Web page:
Serving the campus of the University of Alabama since 1894

The Crimson White

Serving the campus of the University of Alabama since 1894

The Crimson White

Serving the campus of the University of Alabama since 1894

The Crimson White

Beyond the starters: The rise of Alabama’s redshirt players and freshmen 

CW / Riley Thompson
Alabama quarterback Ty Simpson (#15) celebrates during last year’s game against Chattanooga.

The A-Day scrimmage is a time for The University of Alabama’s football 2024 team to step into Bryant-Denny Stadium for the first time and play in front of a crowd. Returning players like quarterback Jalen Milroe and safety Malachi Moore are just some of Alabama’s key players for the upcoming season.  

However, people tend to forget about the redshirt players and freshmen who will get the opportunity to play as Alabama football players for the first time. As anticipation mounts among fans and players alike, this annual spring scrimmage is set to highlight the talent and potential of these aspiring athletes who have patiently awaited their moment to shine.  

Redshirt players are athletes who, typically in their first year at a university, choose to extend their eligibility by sitting out a season of competition. This strategic decision allows them to focus on skill development, acclimatize to the rigors of collegiate athletics and potentially earn an additional year of eligibility. 

Well-known players like Milroe, quarterback Ty Simpson, defensive lineman Hunter Osborne and linebacker Deontae Lawson were all redshirted their freshman year and continue to play for the Crimson Tide whether they started or not. Freshmen and redshirt players get valuable training and playing experience under the spotlight at Alabama.  

As the season progresses, the evolution of young redshirt athletes becomes increasingly evident, with each day presenting fresh opportunities for growth. Offensive coordinator Nick Sheridan emphasized the substantial learning curve that young players face in their journey toward excellence. 

“They’re getting better every day. I mean, you talk about being a young player, there is a lot to learn, mentally and physically. … They’re getting better each and every day,” Sheridan said.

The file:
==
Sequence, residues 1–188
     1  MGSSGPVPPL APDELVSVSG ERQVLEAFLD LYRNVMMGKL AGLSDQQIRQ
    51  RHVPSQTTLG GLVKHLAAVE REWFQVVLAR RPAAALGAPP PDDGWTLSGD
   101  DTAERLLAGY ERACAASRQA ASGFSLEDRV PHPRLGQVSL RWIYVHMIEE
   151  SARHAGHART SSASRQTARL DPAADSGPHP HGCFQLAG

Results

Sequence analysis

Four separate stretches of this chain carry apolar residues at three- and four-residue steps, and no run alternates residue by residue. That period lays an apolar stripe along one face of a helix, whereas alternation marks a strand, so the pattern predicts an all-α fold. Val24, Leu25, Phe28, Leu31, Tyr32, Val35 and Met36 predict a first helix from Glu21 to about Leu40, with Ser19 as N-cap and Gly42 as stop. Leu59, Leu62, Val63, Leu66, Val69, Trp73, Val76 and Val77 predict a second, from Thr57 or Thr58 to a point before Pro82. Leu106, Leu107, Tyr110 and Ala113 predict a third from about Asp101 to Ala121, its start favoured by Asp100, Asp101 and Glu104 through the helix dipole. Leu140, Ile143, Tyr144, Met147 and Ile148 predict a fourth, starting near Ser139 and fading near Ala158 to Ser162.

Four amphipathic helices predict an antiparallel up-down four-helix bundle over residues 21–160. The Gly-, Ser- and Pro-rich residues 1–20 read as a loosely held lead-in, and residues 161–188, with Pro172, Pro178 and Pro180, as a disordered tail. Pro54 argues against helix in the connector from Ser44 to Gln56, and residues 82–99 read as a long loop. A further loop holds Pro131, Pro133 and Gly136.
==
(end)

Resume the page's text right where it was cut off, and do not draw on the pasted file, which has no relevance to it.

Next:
While head coach Kalen DeBoer didn’t mention specific names in his press conference, he noted how separate groups like the “twos and threes” get to operate and make plays. This suggests that walk-ons and redshirt players get chances to play and compete under gamelike conditions.  

“I think a lot of it is to just rotate those guys through, trying to get a lot of guys chances to work with the different quarterbacks, and so they’ve all kind of rotated with the ones, they’ve all rotated kind of with the twos, just a lot of reps to split up,” DeBoer said.  

This highlights how Alabama develops and trains its freshmen and depth players, even having them play under the spotlight in scrimmages alongside starters. This allows the younger redshirt players to gain valuable experience at a top program.  

Freshman wide receiver Cole Adams, freshman transfer and redshirt quarterback Austin Mack, wide receiver Caleb Odom are just a couple of examples of some young players on Alabama’s roster who will get the shot to showcase their skills Saturday at A-Day. While some of these players may not get as many opportunities during the regular season, they will have the opportunity to shine on A-Day.  

Defensive coordinator Kane Wommack praised the athletes and their unwavering dedication to the sport as younger players on the field.  

“If you walk up in our coach’s office at night … there is a bunch of freshmen in every single coach’s room. Just getting better and taking every mental rep they can,” Wommack said. 

For many of these players, stepping onto the field at Bryant-Denny Stadium is the realization of a lifelong dream. The sheer magnitude of the stadium, coupled with its storied history and electrifying atmosphere, adds an extra layer of significance to this momentous occasion. 

For the redshirt players, this game represents more than just a spring scrimmage — it is a chance to make their mark, to put their names deep into the enduring legacy of Crimson Tide history, and to embark on the next chapter of their collegiate careers with pride and determination. 

“You know, these guys don’t act like freshmen; they act like guys who want to be great,” Wommack said.  

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